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What is Workplace Bullying?

Bullying at work can take on many different forms and isn’t always easy to recognise. Defining bullying is simple enough – repeated, intentional behaviour that seriously damages the confidence, self-esteem and emotional well-being of an individual. Identifying the actions can be more difficult, especially as some bullying behaviours are so covert.

The Definition

Workplace bullying is repeated, unreasonable actions of individuals (or a group) directed towards an employee (or a group of employees), which are intended to intimidate, degrade, humiliate, or undermine; or which create a risk to the health or safety of the employee(s). It is a systematic campaign of interpersonal destruction that can jeopardise your health, your career and your confidence.

Identifying Behaviours

While bullying is a form of aggression, the actions can be both obvious and subtle. It is important to note that the following is not a checklist, nor does it mention all forms of bullying. This list is included as a way of showing some of the ways bullying may happen in a workplace.

Types of Bullying Behaviours at Work Include:

  • Rumour Spreading
  • Exclusion
  • Intimidation
  • Undermining or deliberately impeding a person’s work
  • Physical and/or Threatening Abuse
  • Removing areas of responsibilities without cause
  • Constantly changing work guidelines
  • Establishing impossible deadlines that will set up the individual to fail
  • Withholding necessary information or purposefully giving the wrong information
  • Humiliation
  • Intruding on a person’s privacy by pestering, spying or stalking
  • Assigning unreasonable duties or workload, which are unfavourable to one person, in a way that creates unnecessary pressure
  • Underwork – creating a feeling of uselessness
  • Yelling or using profanity
  • Being overly critical
  • Belittling a person’s opinions
  • Purposely preventing career advancement

It is important to remember that bullying is a continued pattern of behaviour and not an isolated incident.

The Cost of Bullying

If you’re fortunate enough to be employed in a business that is friendly and supportive, you may not understand the scale to which workplace bullying is a problem. Bullying and Harassment  creates an unhappy and unproductive workplace which can result in poor morale and poor performance:

  • A survey sponsored by the TUC found that 3 out of 10 employees have suffered from workplace bullying.
  • According to UNISON, 80% of employees had experienced some form of online-bullying. It also showed that nearly one in five people faces online-abuse at least once a week.
  • ACAS claims that each year, bullying is responsible for the loss of 18 million working days and this costs the UK economy £18 billion a year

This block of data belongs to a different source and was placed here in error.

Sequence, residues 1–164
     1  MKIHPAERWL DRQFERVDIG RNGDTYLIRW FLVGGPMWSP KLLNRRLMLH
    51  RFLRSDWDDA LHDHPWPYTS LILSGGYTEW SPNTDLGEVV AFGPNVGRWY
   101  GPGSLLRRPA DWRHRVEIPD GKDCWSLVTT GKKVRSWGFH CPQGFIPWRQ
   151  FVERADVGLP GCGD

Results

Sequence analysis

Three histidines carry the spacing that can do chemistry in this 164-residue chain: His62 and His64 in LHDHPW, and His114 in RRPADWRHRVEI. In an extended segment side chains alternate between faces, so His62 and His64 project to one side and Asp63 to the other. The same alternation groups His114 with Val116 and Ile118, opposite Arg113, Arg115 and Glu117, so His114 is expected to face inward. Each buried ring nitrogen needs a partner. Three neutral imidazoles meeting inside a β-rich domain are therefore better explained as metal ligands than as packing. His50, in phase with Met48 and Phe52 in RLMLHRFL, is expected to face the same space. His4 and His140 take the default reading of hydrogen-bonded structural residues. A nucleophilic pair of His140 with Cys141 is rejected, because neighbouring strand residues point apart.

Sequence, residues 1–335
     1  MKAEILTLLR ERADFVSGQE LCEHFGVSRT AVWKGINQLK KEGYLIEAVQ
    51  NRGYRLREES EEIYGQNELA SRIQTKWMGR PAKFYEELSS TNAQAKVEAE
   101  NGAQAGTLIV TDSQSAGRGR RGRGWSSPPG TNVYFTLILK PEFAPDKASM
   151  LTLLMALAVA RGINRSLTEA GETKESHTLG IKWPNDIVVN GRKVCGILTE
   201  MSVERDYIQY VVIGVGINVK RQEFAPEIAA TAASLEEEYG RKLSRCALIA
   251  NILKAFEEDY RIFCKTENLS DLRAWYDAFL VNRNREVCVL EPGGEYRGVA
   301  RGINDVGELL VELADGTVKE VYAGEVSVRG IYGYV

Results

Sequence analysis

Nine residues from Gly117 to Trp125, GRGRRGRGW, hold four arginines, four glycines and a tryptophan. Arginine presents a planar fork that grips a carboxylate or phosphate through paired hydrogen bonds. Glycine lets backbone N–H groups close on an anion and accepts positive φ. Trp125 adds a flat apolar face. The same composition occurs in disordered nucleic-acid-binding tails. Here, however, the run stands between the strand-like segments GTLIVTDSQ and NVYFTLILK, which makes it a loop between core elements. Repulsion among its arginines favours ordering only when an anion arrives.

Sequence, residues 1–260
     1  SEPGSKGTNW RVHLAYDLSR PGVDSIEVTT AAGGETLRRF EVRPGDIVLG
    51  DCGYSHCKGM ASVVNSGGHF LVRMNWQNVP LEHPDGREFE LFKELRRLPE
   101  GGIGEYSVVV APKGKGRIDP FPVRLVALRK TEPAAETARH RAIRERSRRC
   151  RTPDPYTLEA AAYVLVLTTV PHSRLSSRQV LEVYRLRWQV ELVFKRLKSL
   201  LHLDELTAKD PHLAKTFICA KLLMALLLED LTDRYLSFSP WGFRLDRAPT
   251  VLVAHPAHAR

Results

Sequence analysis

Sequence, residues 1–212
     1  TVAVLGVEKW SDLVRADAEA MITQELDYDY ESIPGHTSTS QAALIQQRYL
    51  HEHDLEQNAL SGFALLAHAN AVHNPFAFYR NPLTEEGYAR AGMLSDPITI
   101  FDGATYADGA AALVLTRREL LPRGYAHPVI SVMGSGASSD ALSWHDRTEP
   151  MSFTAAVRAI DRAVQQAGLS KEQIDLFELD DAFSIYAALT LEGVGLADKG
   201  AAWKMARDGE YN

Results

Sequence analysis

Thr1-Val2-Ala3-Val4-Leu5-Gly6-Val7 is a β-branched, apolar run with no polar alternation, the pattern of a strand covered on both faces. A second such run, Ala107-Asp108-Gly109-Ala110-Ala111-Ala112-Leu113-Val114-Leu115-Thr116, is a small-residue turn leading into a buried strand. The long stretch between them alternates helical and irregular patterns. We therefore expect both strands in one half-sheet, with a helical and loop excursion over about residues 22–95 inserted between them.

What should you do if you're being bullied

  • Firmly tell the person that his or her behaviour is not acceptable and ask them to stop. You can ask a supervisor or union member to be with you when you approach the person.
  • Keep a factual journal or diary of daily events. Record:
    • The date, time and what happened in as much detail as possible
    • The names of any witnesses
    • The outcome of the incident
  • Keep copies of any letters, memos, e-mails, faxes, etc., received from the person
  • Report the harassment to your manager or the relevant person identified in your workplace policy. If your concerns are minimised, proceed to the next level of management.

If this doesn’t work, you can make a formal complaint using your employer’s grievance procedure. If this doesn’t work and you’re still being harassed, you can take legal action at an employment tribunal.

DO NOT

  • RETALIATE. You may end up looking like the perpetrator and it may exacerbate the situation. Retaliation will almost certainly cause confusion for those responsible for evaluating and responding to the situation.

What to do if you witness bullying

Bystanders play an important role in the process of workplace bullying because they have the power to help end it by standing up to the bully or reporting it to management. Witnesses of bullying behaviour should be encouraged to report any such incidences, but sadly many don’t. Although they recognise and disagree with the unfair behaviour towards a colleague, many people do not know what to do and don’t want to be labelled as a troublemaker for saying anything.

It is the responsibility of everyone to report bullying. If you are concerned about any repercussions, you can report it anonymously.

  • Inform your HR department immediately
  • Help and support the person who is bullied. Let them know you are there for them
  • Don’t be afraid to take action. Many organisations fully understand the personal, health and organisational damage that bullying can cause
  • Remember that not only are you helping the individual and the organisation but also yourself. Research suggests that witnesses themselves can be damaged indirectly by a bullying culture … so you may be preventing your own ill health

 

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Need to talk?

If you are being bullied or are concerned about someone who is, you can receive help and support from one of our trained Mentors. We currently do not have the ability to provide support face to face or via the telephone and can only provide an e-mentoring service to those affected by bullying..

If you would like a Mentor to email you, please contact: mentorsonline@bulliesout.com

If you would rather speak to someone over the telephone, you can call Childline on: 0800 1111

For any community-related issues, such as anti-social behaviour, we would suggest contacting your landlord, the local police or your local environmental health department (where applicable), as we are unable to deal with these types of complaints.